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Blue Carbon habitat types:
The coastal and marine environments of Abu Dhabi are diverse and include mangrove forests, saltmarshes, sabkha, intertidal mudflats with cyanobacterial mats and extensive subtidal seagrass meadows.
Intertidal cyanobacterial mats
Project field surveys have discovered an unusual potential blue carbon ecosystem, and one that is unique to the Gulf states. Cyanobacterial (blue-green algal) mats associated with areas of sheltered intertidal mud are the present day representation of the earliest known forms of life identified in rock records, dating back 3.2 billion years. Primary production can be very high, but carbon storage may be highly variable depending upon soil conditions.
Mangroves are the most visible Blue Carbon ecosystem, occupying some 68 square kilometres along the UAE coast. A patch of mangrove forest in the east of Abu Dhabi was the first to be intentionally planted in the UAE and dates back to 1966. Over the following decades this practice was expanded along the Emirate’s coast, with particular success in sheltered locations adjacent to existing stands. A single species – the grey mangrove (Avicennia marina), locally known as Qurm – is found in Abu Dhabi. The dense and complex structure of old natural stands provides a rich environment for fish and other species.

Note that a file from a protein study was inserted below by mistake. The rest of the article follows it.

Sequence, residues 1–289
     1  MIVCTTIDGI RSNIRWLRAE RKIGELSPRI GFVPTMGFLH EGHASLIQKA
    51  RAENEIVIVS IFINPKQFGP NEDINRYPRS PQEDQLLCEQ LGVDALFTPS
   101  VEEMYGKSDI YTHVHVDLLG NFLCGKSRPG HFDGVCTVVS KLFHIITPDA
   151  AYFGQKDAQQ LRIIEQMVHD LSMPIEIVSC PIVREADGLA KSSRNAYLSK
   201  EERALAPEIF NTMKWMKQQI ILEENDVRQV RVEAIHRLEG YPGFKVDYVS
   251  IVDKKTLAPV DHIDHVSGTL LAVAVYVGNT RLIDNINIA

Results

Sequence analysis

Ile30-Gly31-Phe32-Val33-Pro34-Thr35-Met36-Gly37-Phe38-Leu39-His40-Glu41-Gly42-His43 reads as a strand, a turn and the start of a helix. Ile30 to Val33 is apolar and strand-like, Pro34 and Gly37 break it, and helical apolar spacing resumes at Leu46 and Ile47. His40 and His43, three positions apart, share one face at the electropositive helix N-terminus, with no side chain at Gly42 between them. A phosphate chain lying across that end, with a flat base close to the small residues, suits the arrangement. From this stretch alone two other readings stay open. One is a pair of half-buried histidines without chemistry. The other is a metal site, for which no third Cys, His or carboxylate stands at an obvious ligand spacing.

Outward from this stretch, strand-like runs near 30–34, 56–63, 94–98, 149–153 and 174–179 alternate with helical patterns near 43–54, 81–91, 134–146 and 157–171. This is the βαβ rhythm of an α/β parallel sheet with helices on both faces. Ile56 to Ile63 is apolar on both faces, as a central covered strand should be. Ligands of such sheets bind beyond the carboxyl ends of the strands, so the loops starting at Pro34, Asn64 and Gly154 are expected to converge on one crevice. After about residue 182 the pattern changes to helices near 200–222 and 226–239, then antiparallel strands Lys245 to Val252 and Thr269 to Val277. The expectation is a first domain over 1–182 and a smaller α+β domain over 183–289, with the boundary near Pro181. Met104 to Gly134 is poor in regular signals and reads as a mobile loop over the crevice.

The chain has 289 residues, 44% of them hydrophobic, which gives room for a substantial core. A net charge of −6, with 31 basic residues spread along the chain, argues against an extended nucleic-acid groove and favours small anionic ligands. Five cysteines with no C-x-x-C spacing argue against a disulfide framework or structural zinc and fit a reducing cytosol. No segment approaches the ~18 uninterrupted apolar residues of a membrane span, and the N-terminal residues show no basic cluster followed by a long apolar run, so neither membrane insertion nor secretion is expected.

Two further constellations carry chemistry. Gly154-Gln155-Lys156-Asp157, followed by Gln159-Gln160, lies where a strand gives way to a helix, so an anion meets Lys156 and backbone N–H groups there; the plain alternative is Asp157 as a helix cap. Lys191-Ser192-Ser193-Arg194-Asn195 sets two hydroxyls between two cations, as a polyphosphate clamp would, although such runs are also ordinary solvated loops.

On higher ground away from the water’s edge in areas of extremely high salinity (2-4 times greater than seawater), coastal sabkha, extensive areas of saltflats, occasionally flooded by extreme high tides, are hostile to all but the hardiest forms of life. While considered a fringe blue carbon habitat at the onset of the project, assessments indicate negligible carbon, and sabkha is therefore no longer considered a Blue Carbon ecosystem in this project.
Less visible, and beneath the waterline, Abu Dhabi hosts one of the world’s most expansive complex of seagrass meadows, supporting the second largest population of dugongs found anywhere. The meadows are populated by mosaics of three seagrass species (Halodule uninervis, Halophila ovalis, and Halophila stipulacea), which are found near the shore and around islands down to a depth of 8 metres. Like saltmarshes and mangroves, many seagrasses accumulate carbon within soils through the production and storage of root material.
Saltmarshes are relatively rare in the Emirate, found locally at high tidal elevations and behind mangrove stands. The vegetation consists of specialist salt tolerant dwarf shrubs of the goosefoot (Chenopodiaceae) and caltrop (Zygophyllaceae) family, as well as the desert hyacinth (Cistanche tubulosa) favored for eastern traditional medicinal benefits.